After a dispute over Google’s most recent anti-piracy measures in October, Fabrizio suggested further action may be yet to come. "We believe Google is overreacting — and dramatically so. Their reaction seems tactical (or childish)," the email reads. "Following the issuance of the CID [civil investigative demand] by [Mississippi attorney general Jim] Hood (which may create yet another uproar by Google), we may be in a position for more serious discussions with Google." While the Verge report is focused on the "sexy" topic of the MPAA having an "anti-Google' (er... "Goliath") working group, the real story here is that it appears that this infatuation with taking down Google has extended to funding state politicians in their investigations and attacks on Google, even when it's on totally unrelated issues (the initial CID was about counterfeit drugs -- which is an issue that the MPAA likes to mock Google over by totally misrepresenting some actual, but historical, bad behavior).

And beyond that, the MPAA is showing that part of its plan is to fund "media stories based on" the Attorneys General investigations. Remember, so much AG activity these days is driven by what's going to get them into the headlines. Setting aside nearly $100,000 from the MPAA to get a state AG some headlines for an investigation paid for by the MPAA, using administrative subpoenas written by the MPAA... all designed to attack a company they don't like (which actually has done pretty much exactly what they'd been asking for in downranking sites that lead to infringing works), is really stunning.

I get that it's natural to dislike a company or organization that has undermined your business model. It happens. But there are different ways to respond to it. One is to innovate and compete. Another is to use the legal process to throw hurdles in their path. This is the distinction between "market entrepreneurs" and "political entrepreneurs" that Andy Kessler has described (https://www.techdirt.com/articles/20110130/00441512884/entrepreneurs-who-create-value-vs-entrepreneurs-who-lock-up-value.shtml). What the MPAA appears to have done in the last few months, however, certainly suggests that the organization, with the help of the major studios, went beyond just lobbying and political pressure, to actually funding elected officials to try to attack a company they didn't like. And, at the very least, this also has to raise serious questions about Mississippi Attorney General Jim Hood and who he takes orders from. Is he really "protecting" the people of Mississippi? Or is he focused on gobbling up Hollywood's money and promotion?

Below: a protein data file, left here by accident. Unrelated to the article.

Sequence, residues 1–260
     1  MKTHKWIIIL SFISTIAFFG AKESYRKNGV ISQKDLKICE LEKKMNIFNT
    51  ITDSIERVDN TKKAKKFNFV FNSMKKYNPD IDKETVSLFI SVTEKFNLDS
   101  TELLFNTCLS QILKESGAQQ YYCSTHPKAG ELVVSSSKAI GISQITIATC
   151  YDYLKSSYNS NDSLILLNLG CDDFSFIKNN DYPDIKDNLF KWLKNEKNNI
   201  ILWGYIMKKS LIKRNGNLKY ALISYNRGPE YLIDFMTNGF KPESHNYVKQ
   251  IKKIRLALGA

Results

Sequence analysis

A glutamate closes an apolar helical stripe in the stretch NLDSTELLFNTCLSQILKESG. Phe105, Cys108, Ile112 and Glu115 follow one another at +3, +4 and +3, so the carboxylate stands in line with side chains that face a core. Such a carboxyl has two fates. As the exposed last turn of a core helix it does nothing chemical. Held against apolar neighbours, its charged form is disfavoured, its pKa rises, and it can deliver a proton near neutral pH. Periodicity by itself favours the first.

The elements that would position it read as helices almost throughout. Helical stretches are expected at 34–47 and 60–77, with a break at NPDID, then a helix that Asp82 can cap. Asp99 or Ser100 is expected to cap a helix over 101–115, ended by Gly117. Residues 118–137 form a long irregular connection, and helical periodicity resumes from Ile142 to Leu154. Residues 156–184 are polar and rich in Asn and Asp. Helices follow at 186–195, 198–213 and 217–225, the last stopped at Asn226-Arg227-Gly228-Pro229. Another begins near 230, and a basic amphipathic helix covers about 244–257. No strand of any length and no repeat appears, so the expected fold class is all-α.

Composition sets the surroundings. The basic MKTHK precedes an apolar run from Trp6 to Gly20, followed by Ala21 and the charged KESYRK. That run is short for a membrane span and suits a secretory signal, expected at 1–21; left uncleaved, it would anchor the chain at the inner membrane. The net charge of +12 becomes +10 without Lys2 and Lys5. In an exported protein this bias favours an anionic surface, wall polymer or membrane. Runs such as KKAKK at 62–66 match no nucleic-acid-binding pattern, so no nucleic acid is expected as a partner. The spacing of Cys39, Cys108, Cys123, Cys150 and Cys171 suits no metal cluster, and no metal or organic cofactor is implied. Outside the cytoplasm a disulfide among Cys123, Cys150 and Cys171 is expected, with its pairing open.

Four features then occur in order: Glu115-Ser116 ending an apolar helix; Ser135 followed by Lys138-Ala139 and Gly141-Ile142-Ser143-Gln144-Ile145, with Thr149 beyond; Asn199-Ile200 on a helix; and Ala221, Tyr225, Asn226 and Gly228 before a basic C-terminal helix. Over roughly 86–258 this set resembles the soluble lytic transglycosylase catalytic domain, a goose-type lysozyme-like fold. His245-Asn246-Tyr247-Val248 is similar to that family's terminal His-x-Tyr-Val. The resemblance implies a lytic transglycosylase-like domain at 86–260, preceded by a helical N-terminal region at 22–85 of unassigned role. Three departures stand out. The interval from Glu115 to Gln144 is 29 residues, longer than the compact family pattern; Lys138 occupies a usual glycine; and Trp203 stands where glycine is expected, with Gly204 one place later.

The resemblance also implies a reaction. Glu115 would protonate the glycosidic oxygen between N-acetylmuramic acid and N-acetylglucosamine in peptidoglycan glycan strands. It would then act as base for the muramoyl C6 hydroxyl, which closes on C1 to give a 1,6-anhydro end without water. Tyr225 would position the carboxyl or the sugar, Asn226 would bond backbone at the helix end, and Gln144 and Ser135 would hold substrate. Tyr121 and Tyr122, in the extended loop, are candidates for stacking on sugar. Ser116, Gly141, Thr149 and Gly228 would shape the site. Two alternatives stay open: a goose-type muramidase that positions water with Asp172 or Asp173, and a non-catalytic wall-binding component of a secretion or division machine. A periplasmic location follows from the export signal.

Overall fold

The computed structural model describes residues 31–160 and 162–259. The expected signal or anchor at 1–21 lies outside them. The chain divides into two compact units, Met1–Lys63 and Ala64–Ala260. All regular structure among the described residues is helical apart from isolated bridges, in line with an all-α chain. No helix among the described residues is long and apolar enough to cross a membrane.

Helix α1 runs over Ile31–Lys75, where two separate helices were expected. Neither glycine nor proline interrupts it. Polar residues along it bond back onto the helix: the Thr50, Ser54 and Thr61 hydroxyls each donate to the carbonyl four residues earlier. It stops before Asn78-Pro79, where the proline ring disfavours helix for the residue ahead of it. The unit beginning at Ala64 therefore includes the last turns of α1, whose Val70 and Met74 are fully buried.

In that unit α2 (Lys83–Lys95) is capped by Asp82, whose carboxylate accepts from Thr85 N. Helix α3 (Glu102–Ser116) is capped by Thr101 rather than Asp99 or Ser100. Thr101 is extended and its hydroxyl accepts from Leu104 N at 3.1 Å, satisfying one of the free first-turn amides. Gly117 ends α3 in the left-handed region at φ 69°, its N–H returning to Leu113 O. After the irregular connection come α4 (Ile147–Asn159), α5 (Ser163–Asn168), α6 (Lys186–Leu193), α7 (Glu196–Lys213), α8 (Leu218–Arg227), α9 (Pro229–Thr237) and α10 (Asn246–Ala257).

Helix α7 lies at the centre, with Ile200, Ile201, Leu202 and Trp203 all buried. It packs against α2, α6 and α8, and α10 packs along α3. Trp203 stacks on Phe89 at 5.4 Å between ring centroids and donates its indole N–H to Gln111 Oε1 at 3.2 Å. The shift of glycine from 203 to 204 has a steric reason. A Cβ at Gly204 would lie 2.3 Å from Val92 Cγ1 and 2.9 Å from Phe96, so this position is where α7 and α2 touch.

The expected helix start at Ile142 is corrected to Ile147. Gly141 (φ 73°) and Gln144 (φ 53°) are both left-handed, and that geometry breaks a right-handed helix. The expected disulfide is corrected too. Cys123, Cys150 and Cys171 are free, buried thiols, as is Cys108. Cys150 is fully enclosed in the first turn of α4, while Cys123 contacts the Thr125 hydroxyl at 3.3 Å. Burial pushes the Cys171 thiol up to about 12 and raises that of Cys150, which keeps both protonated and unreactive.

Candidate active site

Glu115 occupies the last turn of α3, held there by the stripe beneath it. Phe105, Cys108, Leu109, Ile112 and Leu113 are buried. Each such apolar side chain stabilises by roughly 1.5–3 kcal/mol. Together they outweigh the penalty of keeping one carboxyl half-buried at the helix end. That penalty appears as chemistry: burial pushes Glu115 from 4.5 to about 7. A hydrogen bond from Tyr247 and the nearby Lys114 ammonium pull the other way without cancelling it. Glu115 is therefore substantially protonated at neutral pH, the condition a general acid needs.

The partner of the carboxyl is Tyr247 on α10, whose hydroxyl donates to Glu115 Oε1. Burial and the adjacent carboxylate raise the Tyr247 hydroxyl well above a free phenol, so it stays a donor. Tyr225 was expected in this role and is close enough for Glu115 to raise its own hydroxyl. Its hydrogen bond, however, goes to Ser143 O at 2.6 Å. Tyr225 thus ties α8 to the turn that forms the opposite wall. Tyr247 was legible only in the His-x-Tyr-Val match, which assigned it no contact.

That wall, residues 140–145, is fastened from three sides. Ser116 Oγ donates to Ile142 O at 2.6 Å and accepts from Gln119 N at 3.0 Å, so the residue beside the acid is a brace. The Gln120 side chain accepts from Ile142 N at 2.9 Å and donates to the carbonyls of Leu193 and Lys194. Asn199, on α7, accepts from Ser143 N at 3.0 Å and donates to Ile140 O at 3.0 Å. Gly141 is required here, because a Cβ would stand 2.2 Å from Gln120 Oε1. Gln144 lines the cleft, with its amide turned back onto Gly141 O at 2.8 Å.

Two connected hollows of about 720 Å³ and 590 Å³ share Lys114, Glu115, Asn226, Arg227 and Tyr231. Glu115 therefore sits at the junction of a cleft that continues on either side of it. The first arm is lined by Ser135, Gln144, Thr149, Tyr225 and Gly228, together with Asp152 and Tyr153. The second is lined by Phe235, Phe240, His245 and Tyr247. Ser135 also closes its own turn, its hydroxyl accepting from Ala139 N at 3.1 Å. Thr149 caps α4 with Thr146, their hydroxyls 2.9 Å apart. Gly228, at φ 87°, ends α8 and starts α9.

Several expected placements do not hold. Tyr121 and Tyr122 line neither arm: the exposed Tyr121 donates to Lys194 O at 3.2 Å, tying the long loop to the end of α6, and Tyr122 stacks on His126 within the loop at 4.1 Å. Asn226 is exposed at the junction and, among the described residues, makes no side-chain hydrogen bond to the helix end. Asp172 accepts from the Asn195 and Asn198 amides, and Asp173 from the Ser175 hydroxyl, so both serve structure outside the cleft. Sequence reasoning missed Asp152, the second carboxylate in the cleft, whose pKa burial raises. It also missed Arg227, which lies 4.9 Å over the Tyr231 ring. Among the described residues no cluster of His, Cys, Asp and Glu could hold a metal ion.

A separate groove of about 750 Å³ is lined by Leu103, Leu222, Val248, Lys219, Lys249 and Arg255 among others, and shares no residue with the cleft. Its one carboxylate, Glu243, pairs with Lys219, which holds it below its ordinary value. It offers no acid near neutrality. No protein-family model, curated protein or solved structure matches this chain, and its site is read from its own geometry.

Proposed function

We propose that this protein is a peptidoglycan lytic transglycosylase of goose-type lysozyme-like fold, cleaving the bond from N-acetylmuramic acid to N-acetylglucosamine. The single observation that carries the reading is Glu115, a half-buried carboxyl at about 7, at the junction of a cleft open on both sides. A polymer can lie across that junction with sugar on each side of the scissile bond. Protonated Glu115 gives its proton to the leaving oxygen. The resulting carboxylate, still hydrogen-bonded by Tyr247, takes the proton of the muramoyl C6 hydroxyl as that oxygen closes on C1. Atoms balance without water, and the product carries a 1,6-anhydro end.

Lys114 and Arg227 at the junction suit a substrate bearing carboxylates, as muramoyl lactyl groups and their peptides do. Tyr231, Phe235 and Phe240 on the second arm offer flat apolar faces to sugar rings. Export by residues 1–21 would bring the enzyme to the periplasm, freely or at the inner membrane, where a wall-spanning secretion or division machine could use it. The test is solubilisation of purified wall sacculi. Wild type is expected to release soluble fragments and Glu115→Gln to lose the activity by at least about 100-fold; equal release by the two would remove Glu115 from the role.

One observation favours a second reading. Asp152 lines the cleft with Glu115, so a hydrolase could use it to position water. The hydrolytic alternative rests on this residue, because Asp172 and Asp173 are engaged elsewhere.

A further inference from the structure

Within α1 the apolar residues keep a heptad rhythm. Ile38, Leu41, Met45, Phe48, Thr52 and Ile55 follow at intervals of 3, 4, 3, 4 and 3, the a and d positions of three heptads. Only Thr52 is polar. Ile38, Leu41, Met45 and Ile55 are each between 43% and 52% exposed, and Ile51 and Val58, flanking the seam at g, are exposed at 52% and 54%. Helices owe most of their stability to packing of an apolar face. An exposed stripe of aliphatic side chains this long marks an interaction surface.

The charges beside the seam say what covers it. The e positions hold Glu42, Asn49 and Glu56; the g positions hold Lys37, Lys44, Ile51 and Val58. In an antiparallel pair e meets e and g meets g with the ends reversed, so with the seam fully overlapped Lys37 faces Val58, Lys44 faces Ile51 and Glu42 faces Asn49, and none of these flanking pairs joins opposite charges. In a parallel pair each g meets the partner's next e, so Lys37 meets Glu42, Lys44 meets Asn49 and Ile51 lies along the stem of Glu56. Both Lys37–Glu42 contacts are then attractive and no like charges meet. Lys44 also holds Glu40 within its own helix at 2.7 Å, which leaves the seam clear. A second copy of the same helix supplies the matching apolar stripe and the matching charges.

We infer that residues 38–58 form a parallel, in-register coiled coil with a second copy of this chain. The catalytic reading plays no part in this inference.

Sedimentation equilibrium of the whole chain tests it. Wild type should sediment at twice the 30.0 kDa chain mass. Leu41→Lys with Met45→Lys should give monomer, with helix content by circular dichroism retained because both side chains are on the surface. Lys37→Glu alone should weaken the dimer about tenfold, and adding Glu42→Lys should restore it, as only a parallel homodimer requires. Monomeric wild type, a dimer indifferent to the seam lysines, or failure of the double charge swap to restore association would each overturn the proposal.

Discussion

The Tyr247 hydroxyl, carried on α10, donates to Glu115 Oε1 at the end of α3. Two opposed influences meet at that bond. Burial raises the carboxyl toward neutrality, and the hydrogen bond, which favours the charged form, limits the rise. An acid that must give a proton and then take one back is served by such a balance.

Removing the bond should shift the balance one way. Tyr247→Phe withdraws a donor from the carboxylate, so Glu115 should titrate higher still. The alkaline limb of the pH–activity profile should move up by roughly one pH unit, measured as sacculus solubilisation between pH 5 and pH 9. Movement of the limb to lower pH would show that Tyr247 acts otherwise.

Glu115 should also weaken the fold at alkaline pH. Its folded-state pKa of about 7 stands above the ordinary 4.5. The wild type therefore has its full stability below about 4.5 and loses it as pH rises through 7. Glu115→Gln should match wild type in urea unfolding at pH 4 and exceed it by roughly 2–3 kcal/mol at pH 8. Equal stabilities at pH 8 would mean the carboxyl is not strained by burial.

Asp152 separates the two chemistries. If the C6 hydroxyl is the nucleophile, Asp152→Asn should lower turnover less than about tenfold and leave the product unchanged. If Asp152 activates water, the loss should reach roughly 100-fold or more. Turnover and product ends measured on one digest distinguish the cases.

Magda Hassan
12-14-2014, 05:59 AM
Leaked Emails Reveal MPAA Plans To Pay Elected Officials To Attack Googlefrom the holy-fuck dept Okay, it's no secret that the MPAA hates Google. It doesn't take a psychology expert to figure that out. But in the last few days, some of the leaks from the Sony Pictures hack have revealed the depths of that hatred, raising serious questions about how the MPAA abuses the legal process in corrupt and dangerous ways. The most serious charge -- unfortunately completely buried by this report at The Verge -- is that it appears the MPAA and the major Hollywood studios directly funded various state Attorneys General in their efforts to attack and shame Google (http://www.theverge.com/2014/12/12/7382287/project-goliath). Think about that for a second.

There's a lot of background here that's important (beyond just the MPAA really hates Google). First, as you know, the MPAA has certainly not given up on its SOPA desire to get certain websites completely blocked. The leaked emails reveal a lot more about that (which we'll get to). Second, a year ago, the MPAA hired a pitbull of an anti-piracy lawyer in naming Steve Fabrizio (http://www.hollywoodreporter.com/thr-esq/mpaa-taps-steven-fabrizio-as-656092) its General Counsel. Fabrizio has spent the last decade and a half or so deeply involved in litigating a bunch of anti-piracy battles at both the RIAA and the MPAA/RIAA's favorite big law firm, Jenner & Block. This is not a guy you hire if you're looking to innovate. This is a guy you hire if you want to get into knock-down, dirty legal fights.